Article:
Designing Streamlit Apps for the User: Part II

At Streamlit, we strive to enable developers to easily make beautiful apps that create great experiences for their users. In Part I of this blog series, we covered how to Design for the User.  In Part II, we jump into how you can use layout and design options to make visually appealing apps for your app viewers.

Kicking off this post, the main things to keep in mind are:

  1. Lay it out in columns
  2. Choose your theme colors and contrast ratios wisely
  3. Use text sizing for emphasis
  4. Make it fun with badges, logos and emojis 🥳

Let's jump in!

Lay it out in columns

Organizing your app with column layouts with st.beta_columns helps place content in a uniform way across the app. A great example is Streamlit Cheat Sheet (source code) by Daniel Lewis. Having information represented in columns create a proportional distribution of information and gives consistency to the interface.

Additionally, this page uses wide mode to show even more content. Page contents can be laid out in 'centered' or 'wide' mode(as shown below) using st.set_page_config :

# NOTE: This must be the first command in your app, and must be set only once

Use layout to focus attention in a direction

Horizontal Flow

In this type of layout, we want the viewer to scan information from left to right, for eg. the NYC Uber Ridesharing App (source code) by Streamlit. In the first row, we see 3 charts containing similar conceptual information, i.e., airport pickups shown left to right. In the 2nd row, we see pickups per minute represented across the minutes of the hour.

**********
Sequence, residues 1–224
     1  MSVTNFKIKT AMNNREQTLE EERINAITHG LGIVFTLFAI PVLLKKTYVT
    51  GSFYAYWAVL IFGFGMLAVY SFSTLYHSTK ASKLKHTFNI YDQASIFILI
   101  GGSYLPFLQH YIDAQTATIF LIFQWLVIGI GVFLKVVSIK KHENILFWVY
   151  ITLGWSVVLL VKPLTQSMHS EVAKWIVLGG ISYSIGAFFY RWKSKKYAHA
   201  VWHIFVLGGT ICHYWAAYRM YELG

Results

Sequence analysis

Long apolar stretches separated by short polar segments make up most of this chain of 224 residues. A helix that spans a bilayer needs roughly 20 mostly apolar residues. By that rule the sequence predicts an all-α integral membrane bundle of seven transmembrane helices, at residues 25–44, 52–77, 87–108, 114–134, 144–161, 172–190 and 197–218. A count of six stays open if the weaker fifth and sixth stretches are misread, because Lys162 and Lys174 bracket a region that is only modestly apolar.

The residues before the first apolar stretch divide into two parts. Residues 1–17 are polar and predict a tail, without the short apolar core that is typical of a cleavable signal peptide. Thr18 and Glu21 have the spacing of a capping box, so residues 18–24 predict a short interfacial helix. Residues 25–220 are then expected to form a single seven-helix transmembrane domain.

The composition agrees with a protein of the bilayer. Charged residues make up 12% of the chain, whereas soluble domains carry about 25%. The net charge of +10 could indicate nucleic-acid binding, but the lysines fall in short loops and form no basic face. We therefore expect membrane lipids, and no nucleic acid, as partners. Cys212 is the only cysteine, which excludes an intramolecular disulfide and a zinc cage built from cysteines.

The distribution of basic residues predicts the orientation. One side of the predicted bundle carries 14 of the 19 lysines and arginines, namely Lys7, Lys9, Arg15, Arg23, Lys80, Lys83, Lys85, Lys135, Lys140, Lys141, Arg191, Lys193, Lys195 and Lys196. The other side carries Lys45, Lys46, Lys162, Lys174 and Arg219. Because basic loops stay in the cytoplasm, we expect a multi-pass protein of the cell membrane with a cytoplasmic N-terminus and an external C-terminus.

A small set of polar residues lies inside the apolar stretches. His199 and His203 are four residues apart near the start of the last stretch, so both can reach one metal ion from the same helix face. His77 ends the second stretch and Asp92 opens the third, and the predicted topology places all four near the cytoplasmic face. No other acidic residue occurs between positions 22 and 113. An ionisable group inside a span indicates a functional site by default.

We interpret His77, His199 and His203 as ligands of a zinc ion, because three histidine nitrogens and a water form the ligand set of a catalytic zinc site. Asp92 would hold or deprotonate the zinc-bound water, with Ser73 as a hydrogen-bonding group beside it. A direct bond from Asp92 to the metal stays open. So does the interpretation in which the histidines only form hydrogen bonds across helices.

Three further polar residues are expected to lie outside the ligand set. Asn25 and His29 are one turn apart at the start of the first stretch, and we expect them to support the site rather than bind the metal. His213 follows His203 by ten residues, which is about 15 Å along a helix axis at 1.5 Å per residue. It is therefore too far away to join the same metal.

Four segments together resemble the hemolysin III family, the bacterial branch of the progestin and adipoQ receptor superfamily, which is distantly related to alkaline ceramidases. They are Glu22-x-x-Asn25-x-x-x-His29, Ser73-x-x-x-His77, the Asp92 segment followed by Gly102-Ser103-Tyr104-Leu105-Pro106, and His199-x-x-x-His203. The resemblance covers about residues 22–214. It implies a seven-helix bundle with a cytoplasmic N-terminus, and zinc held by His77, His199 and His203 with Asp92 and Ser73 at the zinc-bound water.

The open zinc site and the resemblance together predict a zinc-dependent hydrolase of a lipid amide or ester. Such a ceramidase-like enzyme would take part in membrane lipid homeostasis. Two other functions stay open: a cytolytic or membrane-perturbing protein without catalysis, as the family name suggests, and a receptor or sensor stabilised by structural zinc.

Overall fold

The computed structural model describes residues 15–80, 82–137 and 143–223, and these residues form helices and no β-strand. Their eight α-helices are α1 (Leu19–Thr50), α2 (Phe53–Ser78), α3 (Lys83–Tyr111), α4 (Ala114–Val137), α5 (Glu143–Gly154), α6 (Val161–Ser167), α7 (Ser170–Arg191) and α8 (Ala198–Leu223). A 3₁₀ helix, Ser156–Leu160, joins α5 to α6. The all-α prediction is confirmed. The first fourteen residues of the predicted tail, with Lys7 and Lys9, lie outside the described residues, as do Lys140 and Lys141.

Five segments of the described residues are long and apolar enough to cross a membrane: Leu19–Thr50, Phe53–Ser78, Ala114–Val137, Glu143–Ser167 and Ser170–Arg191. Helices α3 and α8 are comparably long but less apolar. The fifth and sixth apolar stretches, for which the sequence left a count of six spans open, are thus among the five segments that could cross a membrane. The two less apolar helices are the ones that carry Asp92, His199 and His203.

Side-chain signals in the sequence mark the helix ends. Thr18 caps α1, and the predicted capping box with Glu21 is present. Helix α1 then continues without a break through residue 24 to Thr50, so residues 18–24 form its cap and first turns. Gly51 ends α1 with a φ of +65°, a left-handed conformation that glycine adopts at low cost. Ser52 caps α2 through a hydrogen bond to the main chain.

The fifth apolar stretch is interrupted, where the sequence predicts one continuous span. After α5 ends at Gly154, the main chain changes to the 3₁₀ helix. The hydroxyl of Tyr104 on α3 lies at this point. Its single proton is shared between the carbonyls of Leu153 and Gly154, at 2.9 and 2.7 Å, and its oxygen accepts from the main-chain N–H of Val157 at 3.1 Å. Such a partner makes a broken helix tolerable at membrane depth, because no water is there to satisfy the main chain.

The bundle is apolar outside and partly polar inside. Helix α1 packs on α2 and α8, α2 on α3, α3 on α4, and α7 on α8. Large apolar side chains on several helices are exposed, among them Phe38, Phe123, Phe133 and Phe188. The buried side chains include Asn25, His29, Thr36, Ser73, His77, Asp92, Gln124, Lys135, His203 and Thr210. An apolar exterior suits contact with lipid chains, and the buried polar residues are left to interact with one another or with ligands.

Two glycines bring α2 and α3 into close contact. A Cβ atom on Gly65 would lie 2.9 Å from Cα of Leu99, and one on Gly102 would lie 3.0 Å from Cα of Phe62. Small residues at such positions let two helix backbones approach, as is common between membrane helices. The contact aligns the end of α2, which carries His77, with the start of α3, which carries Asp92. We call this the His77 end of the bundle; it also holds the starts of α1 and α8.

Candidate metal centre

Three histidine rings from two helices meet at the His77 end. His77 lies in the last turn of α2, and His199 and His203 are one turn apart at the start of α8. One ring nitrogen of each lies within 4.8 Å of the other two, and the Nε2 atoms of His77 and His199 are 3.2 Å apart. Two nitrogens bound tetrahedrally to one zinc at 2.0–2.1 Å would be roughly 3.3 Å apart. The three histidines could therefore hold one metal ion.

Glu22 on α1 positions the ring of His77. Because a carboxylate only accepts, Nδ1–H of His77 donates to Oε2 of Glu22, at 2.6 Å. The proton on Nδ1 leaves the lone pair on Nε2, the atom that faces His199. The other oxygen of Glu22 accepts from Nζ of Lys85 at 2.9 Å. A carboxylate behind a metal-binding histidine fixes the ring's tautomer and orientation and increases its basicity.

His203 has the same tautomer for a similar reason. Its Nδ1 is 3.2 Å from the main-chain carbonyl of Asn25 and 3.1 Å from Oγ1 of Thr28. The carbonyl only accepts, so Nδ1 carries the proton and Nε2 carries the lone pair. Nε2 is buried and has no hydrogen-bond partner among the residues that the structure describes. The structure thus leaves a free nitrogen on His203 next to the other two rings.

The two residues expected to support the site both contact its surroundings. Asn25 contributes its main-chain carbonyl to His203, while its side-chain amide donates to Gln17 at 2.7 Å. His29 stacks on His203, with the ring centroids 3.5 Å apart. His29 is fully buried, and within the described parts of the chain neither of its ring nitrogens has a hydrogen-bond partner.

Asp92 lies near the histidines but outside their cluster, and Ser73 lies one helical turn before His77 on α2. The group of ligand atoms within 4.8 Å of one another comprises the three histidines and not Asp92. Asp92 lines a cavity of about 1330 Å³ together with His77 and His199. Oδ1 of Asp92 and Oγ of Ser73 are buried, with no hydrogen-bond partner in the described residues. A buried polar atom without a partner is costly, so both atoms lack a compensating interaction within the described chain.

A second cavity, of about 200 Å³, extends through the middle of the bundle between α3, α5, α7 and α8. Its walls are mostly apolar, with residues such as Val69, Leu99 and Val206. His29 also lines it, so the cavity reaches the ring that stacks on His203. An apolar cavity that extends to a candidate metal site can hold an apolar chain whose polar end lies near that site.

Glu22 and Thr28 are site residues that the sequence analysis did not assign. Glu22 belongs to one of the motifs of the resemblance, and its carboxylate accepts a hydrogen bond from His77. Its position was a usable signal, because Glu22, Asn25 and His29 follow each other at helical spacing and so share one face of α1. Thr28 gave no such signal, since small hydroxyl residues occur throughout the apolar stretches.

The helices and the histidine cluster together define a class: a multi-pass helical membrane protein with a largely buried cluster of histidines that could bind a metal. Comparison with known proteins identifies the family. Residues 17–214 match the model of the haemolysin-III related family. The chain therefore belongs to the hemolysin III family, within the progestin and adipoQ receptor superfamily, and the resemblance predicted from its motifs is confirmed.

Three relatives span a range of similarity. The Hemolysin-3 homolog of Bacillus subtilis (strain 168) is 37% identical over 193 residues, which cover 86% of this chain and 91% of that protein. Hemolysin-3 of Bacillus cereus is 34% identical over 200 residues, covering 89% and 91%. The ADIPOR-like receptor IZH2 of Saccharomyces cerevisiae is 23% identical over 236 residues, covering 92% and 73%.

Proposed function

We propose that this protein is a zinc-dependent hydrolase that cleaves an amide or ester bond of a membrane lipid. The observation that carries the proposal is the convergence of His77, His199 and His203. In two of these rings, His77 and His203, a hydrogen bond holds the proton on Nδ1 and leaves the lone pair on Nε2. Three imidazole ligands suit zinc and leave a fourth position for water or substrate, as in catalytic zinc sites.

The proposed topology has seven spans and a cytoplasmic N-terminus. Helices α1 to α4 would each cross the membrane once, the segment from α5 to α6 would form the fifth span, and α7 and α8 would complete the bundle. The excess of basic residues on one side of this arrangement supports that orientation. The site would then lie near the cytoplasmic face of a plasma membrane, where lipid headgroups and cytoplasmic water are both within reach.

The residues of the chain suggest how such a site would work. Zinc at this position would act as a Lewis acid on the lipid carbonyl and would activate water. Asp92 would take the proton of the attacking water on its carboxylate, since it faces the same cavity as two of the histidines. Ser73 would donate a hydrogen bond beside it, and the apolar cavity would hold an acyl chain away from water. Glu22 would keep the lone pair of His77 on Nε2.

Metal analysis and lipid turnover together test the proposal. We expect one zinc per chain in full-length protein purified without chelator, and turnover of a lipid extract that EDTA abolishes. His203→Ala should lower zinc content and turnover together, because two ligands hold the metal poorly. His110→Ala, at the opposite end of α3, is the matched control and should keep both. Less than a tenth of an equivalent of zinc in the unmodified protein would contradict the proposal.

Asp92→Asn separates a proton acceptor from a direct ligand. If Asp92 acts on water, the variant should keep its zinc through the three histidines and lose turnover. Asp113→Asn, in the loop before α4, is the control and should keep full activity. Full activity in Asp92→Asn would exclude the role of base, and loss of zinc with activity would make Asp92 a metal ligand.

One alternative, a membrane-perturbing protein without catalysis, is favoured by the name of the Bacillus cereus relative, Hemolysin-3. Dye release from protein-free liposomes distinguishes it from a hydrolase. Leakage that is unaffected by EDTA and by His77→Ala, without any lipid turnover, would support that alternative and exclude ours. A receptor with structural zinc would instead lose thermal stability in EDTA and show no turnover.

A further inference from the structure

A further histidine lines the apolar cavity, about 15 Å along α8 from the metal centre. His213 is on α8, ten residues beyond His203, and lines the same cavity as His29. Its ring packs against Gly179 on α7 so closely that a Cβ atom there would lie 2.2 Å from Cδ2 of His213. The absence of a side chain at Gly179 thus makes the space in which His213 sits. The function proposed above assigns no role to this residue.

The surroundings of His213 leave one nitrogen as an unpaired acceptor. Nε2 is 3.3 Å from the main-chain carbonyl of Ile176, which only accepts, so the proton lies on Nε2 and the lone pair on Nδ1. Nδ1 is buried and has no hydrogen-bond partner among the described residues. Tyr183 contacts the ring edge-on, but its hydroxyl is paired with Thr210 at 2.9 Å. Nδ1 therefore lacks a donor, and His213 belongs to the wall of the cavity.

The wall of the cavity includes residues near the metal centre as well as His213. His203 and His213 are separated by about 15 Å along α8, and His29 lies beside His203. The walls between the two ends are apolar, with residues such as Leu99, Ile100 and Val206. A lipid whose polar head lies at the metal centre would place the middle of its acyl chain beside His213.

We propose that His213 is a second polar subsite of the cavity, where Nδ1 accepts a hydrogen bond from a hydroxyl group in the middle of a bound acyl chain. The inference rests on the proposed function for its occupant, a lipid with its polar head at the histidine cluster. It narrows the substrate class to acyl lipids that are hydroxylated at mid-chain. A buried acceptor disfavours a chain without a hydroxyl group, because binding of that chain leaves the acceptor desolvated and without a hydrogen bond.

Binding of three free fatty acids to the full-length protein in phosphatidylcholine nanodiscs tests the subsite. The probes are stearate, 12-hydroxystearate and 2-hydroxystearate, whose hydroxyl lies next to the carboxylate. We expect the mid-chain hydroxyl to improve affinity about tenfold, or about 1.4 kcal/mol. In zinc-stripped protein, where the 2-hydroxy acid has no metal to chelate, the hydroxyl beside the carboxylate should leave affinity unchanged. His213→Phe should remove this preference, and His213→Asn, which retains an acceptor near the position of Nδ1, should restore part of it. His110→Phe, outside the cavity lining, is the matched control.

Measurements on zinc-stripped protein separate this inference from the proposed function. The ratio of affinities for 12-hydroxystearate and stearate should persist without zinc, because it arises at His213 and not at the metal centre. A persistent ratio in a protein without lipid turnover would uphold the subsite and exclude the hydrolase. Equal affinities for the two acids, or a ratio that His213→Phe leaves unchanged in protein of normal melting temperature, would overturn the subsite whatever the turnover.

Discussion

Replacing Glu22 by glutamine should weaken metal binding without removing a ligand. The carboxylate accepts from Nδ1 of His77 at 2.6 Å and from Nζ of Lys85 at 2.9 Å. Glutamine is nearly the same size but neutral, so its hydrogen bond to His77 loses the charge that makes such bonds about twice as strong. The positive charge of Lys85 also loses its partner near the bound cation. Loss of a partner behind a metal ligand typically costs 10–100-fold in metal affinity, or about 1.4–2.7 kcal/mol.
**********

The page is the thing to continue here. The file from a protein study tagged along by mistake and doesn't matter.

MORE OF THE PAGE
The above layout (with one columns with double and the rest with single width) can be achieved with this code:

col1, col2, col3, col4 = st.beta_columns((2,1,1,1))
with col1:
    # Add chart #1
with col4:
    # Add chart #4
# Add bottom chart

Vertical Flow with a Sidebar

In this type of layout, information is presented vertically and the viewer is encouraged to consume the data starting at the top and then scrolling to the bottom. This often carries with it the implicit understanding that an item presented is logically dependent on the item above it. For e.g. the PGA Modeler app (source code) by Andy Uttley.

The above layout has a sidebar which contains all the input widgets like sliders, buttons, checkboxes on the left and all of the output widgets like charts, images, data tables etc. in the main body of the app. This layout can be achieved with the following code:

# Input widgets in the sidebar
with st.sidebar:
	# input widget 1
	# input widget 2
# Load data based on the inputs from the sidebar widgets
# Main body contents: Output Widgets

Theming, Colors and Contrast Ratios

Streamlit supports Theming and Dark mode, which allows you to choose between multiple default (light, dark) themes or create your own. Get your company colors in there or just pick something you love. For an example, see the theming launch sample app (source code) by Streamlit.

Colors and contrast